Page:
The Siege & Battle at Port Hudson
When Confederate forces surrendered at Port Hudson, the Union Army secured a vital port on the Mississippi River. You and I have the chance to purchase — and save forever — this incredibly historic 2.6-acre tract that lies well within the Confederates’ defenses that were impacted heavily by an almost nonstop bombardment of Union artillery. The property also contains a portion of the post-siege earthworks that were constructed by the Union’s Corps d’Afrique, a unit that later became part of the United States Colored Troops — adding to its historic nature. Also listed for sale in the local real estate market, this tract will be a lost opportunity unless we buy it outright and care for the land until we can transfer it to the state of Louisiana for inclusion in the Port Hudson State Historic Site.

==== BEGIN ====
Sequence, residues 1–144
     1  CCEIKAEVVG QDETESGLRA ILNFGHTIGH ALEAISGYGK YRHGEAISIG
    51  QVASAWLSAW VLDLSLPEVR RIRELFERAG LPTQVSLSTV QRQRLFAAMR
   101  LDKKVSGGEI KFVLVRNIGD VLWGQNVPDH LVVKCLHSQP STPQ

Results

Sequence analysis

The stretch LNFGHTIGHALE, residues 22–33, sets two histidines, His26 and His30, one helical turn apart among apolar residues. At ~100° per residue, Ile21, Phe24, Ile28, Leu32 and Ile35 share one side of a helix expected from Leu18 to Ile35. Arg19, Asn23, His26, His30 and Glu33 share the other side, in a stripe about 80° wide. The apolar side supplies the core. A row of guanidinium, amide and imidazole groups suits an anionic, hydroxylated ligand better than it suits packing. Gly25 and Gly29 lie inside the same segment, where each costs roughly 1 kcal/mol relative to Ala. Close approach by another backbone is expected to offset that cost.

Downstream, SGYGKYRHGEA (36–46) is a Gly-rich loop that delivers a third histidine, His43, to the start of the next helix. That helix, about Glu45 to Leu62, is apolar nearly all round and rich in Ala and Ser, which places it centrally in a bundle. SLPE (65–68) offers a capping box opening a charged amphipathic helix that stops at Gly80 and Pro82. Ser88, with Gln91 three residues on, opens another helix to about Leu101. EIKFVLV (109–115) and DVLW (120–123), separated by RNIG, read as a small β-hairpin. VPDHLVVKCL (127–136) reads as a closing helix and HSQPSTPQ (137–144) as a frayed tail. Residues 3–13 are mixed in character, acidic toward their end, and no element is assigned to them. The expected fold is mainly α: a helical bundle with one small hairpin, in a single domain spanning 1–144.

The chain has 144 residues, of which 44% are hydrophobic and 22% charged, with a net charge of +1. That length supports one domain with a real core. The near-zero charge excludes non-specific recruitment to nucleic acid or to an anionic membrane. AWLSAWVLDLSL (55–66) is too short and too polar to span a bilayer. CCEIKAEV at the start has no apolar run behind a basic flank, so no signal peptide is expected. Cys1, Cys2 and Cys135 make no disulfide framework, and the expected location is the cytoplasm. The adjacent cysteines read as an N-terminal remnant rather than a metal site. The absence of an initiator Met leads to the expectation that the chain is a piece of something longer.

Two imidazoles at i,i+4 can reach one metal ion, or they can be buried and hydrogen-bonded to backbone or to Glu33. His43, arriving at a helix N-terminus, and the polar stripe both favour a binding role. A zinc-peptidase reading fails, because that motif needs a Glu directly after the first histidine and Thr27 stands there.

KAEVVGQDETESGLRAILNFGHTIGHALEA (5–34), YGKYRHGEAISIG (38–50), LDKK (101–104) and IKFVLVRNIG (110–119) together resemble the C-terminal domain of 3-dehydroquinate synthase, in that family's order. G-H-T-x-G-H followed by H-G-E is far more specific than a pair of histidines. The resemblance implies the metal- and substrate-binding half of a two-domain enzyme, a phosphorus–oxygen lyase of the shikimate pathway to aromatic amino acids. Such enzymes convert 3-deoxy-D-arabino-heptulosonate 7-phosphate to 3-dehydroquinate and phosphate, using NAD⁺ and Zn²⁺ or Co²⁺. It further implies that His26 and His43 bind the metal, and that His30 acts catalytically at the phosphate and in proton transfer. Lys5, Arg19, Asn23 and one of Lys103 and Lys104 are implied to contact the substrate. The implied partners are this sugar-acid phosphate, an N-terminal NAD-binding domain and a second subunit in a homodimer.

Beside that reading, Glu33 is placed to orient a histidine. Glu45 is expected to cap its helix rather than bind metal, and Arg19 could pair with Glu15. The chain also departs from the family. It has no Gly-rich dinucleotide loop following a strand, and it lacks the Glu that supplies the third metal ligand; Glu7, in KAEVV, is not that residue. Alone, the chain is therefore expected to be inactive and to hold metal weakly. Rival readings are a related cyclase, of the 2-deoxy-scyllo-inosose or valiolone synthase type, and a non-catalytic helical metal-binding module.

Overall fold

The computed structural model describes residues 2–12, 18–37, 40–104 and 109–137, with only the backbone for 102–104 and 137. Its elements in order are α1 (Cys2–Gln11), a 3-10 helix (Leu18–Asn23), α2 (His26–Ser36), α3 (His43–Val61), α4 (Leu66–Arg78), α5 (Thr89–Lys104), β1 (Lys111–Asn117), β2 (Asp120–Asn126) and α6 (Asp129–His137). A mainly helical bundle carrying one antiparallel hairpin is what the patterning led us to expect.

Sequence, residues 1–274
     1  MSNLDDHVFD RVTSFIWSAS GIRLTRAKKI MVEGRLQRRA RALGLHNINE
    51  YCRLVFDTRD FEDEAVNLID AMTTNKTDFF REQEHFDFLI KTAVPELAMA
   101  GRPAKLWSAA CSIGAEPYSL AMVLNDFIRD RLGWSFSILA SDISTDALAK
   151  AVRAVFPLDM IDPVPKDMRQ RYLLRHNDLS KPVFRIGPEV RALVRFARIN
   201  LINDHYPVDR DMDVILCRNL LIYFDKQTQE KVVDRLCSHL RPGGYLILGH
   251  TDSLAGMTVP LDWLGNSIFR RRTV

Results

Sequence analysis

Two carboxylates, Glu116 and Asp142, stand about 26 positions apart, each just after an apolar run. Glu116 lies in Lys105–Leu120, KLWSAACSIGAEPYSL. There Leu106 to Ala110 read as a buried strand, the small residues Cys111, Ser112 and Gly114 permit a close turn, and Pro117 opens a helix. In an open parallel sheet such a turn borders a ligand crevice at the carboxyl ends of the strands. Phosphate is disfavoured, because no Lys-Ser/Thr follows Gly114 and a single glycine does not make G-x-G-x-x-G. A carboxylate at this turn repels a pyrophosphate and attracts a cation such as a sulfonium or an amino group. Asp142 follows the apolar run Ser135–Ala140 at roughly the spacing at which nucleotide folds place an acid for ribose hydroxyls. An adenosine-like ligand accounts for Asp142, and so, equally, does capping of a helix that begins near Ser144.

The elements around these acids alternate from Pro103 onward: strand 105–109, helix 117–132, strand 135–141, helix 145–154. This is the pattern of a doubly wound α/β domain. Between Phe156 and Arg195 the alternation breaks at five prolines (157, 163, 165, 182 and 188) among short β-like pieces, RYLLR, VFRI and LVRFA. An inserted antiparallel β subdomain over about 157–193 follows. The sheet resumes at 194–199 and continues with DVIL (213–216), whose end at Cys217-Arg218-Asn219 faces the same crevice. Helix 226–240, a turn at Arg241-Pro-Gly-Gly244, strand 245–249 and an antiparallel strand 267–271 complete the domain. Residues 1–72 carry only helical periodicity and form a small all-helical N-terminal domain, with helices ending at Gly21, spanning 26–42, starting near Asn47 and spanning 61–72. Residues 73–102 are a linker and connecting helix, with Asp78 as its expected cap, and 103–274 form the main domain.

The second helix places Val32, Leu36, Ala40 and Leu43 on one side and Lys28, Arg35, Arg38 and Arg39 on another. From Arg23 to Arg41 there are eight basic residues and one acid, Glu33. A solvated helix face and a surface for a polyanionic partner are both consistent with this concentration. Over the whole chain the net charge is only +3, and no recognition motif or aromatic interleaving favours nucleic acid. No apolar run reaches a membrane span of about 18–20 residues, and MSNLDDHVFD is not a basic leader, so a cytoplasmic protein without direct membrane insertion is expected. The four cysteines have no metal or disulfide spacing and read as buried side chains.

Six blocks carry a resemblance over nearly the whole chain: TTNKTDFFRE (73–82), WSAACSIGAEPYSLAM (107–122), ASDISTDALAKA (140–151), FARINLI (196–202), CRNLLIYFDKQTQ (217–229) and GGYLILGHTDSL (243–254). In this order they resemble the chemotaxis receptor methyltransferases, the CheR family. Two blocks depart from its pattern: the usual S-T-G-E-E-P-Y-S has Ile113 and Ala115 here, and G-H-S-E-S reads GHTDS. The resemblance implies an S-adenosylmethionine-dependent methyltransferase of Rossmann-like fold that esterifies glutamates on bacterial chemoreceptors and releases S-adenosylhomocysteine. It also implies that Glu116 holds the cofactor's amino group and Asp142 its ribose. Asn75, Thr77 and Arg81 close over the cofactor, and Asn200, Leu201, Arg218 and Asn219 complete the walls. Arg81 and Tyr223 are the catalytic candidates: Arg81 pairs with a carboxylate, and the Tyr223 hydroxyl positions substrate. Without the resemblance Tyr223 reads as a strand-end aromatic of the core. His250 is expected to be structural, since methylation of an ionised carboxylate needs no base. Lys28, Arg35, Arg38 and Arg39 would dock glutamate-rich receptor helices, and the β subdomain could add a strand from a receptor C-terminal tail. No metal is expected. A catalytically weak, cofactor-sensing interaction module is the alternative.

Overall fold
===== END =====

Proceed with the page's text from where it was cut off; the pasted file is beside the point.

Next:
The Battle of Chattanooga
Finally, there are two preservation opportunities that figured prominently in the Battle of Lookout Mountain in Chattanooga. The first tract, a 7.6-acre parcel includes the area near Lookout Creek at Light’s Mill, where Federal troops struck the main Confederate picket line before climbing the western slope of Lookout Mountain to launch a flank attack against Confederate forces positioned above them.
The second is a 2.2-acre tract across the street from the first tract. Both are either listed for sale or are about to be and are the envy of developers because they have easy access to Lookout Creek or can be subdivided into multiple lots for new homes.
Given the history of all these tracts, and given the threats they face, we want to purchase them as quickly as possible.
Please make your most generous gift today to help us raise $307,450 and save 407 critical acres of land in Mississippi, Louisiana, and Tennessee, where four decisive battles won by Union forces eventually led to the end of the war itself.